Instant impact was vital and visitors entering the building instantly experience one of DJW’s most impressive rooms in terms of AV. Gallery One – Boomtown Belfast – features a videoscape of six, 4 x 3.5m screens showing images of Belfast during the 1900s. On another wall, seven monitors show portrait and landscape images of the various industries in the city during that time.
Interactivity from the start
Within Boomtown Belfast DJW has installed an interactive made up of four projections on to the floor, where designs of the ship are beamed. A logo lights up and tells visitors to ‘stand here’ for more information on specific parts of the ship.
Cameras above the visitors use infrared technology to sense their presence, and audio and images are played to give them more information.
In total, Boomtown Belfast features 14 projectors, seven screens, five interactive points, two interactive audio points and ambient audio throughout.
The action continues in Gallery Two – the Arrol Gantry – where guests are taken on a dark ride through the shipyard to witness the vessel being built. Video and audio are triggered as the cars make their way through the gallery.
The area’s video reveals the launch of Titanic’s sister ship the Olympic and a window reveal of the slipways outside where the Titanic was first launched into Belfast’s Lagan river.
Gallery Four explores the Fit-Out and features a 3D video journey of three 6m screens in a box, showing avatar visuals of what each deck of the vessel looked like. Working alongside Paradigm AV and using Dataton Watchout software, DJW ensured all projections were synchronised. CGI footage was provided by ISO design.
Also in the Fit-Out area projection is used to bring the story of Titanic’s passengers to life as (working with Graham English) DJW’s projectors transfer ‘memory-like’ (Pepper’s Ghost) images of people into the set of carefully recreated second and first class cabins.
“The reconstruction builds up as you walk around. A single projection placed the imagery in two archways which pretended to be mirrors. We had to get the dimensions right to make sure everything appeared in the right spot,” says Doe.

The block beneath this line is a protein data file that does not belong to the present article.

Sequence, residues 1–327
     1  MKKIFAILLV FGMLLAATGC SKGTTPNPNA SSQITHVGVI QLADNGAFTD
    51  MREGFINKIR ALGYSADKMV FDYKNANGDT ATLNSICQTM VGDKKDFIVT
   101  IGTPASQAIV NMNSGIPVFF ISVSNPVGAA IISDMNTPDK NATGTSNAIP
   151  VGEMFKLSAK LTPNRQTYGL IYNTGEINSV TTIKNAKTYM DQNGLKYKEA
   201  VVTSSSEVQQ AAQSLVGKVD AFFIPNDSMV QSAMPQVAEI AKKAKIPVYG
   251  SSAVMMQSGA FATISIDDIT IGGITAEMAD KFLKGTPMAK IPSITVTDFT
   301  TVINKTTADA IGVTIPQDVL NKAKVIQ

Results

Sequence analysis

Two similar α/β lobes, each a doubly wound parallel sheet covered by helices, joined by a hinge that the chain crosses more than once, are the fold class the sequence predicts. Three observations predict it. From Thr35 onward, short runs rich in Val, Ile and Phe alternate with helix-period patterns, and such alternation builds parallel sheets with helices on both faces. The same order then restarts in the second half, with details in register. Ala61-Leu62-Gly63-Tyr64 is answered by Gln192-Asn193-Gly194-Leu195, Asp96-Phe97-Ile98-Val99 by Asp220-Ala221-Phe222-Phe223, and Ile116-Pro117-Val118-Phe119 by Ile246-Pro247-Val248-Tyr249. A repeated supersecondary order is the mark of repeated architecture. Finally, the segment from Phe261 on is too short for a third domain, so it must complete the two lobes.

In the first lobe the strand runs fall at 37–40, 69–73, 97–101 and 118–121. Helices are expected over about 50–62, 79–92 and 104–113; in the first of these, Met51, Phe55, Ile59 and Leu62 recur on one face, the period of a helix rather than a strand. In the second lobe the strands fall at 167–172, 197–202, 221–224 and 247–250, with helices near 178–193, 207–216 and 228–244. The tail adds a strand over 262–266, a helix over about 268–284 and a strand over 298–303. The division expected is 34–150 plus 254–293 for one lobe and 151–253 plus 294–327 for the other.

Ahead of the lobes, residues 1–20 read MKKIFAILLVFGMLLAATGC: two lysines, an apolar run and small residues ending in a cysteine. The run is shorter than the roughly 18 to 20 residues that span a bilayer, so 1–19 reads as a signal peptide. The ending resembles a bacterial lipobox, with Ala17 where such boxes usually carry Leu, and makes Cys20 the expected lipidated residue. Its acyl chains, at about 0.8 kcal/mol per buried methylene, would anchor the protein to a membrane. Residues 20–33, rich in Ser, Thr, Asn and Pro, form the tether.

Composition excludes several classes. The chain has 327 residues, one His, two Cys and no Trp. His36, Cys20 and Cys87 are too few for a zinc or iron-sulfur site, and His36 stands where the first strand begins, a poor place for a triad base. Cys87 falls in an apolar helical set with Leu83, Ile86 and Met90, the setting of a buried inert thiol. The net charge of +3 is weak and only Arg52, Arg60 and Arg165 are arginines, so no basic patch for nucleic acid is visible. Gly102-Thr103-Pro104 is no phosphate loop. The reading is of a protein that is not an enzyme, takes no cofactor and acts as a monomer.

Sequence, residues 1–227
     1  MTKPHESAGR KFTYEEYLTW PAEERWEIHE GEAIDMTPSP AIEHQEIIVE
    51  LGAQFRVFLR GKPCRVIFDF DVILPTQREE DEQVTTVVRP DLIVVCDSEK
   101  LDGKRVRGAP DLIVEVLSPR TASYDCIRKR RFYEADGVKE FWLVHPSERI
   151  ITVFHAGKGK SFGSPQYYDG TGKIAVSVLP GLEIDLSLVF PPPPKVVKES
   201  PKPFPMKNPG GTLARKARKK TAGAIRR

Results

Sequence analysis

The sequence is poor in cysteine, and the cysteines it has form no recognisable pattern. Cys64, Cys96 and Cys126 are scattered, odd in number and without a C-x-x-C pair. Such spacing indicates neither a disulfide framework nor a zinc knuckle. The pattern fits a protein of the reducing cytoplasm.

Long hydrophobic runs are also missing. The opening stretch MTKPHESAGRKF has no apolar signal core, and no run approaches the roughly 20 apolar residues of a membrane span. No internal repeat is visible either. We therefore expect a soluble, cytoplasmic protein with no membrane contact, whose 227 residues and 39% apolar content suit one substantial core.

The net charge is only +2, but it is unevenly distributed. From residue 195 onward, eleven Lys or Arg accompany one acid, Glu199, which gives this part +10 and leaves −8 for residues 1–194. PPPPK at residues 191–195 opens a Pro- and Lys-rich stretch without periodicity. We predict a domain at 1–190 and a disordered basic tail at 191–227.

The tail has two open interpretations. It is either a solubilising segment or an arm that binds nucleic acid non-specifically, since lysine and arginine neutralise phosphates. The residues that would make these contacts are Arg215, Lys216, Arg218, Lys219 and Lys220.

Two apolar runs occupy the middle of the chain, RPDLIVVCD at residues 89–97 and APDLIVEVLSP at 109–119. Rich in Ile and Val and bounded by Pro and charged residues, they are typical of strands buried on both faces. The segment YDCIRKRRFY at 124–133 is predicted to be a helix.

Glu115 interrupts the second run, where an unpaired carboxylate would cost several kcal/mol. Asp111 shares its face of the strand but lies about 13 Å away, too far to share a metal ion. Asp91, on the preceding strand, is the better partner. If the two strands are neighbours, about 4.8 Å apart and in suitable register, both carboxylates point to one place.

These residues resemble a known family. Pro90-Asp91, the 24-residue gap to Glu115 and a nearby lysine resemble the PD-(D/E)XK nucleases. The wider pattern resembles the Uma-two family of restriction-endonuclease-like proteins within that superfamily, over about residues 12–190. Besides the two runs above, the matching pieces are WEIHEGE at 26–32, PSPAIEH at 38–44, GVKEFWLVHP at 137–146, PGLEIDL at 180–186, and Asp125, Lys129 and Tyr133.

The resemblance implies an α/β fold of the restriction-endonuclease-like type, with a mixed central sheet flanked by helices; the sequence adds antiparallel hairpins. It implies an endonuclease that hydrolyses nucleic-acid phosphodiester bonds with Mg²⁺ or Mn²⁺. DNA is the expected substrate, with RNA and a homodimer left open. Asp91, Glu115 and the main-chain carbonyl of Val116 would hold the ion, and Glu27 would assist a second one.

The Titanic experience ends as it started in Gallery Nine – Titanic Beneath. Here, in the large theatre, visitors see a film detailing the discovery of the Titanic wreck on a 12m screen. As they look down to the glass floor they are greeted by a soft edge projected image of the vessel itself under their feet.
The whole spectacle is a paragon of interactivity. “Although there’s a great appetite for Titanic at the moment, the public now expects this level of interaction with an exhibit. AV is having to work harder to grab public attention,” concludes Doe.
Sysco AV completed the contract for the design, supply and installation of the entire AV system requirements for Southampton’s £15m SeaCity Museum. Housed in the City’s Grade II Old Magistrates Court, the new attraction celebrates Southampton’s 2,000-year history as a global maritime port.
There are three galleries – two permanent and one temporary – where Sysco assisted with the design and was responsible for the engineering and installation of all the AV and interactive elements throughout the museum.
The first permanent gallery – Gateway To The World – examines Southampton’s history and culture as well as the City’s role in the global context of emigration and immigration.
The second – Southampton’s Titanic Story – recounts previously untold stories about the 538 people from the City who lost their lives. It features a 1:25 scale interactive section of the ship, where soundscapes and exhibits allow visitors to experience the sights and sounds of Southampton in 1912.
There are also a number of interactives, where visitors can steer the ship, stoke the engines and operate Morse Code. Moving through to the Disaster Room, the mood becomes sombre with large, thought-provoking displays and audio that recreate the sequence of events from the moment the ship struck the iceberg through to the rescue of passengers by the Carpathia.
Powerful oral testimony from survivors and relatives highlights the impact such a loss of life had on Southampton’s community.
Visitors then enter the main Magistrates’ Court where a large-scale immersive projection examines the post-disaster inquiry that was held in London. A significant number of the safety features to be found on today’s ships were instigated as a result of the outcome of the Titanic Inquiry.
A third gallery houses a series of temporary exhibitions, the first of which – Titanic The Legend, is currently in place. Running until the end of August 2013, this exhibition looks at the Titanic disaster from different angles, examining the fascination the story continues to exert.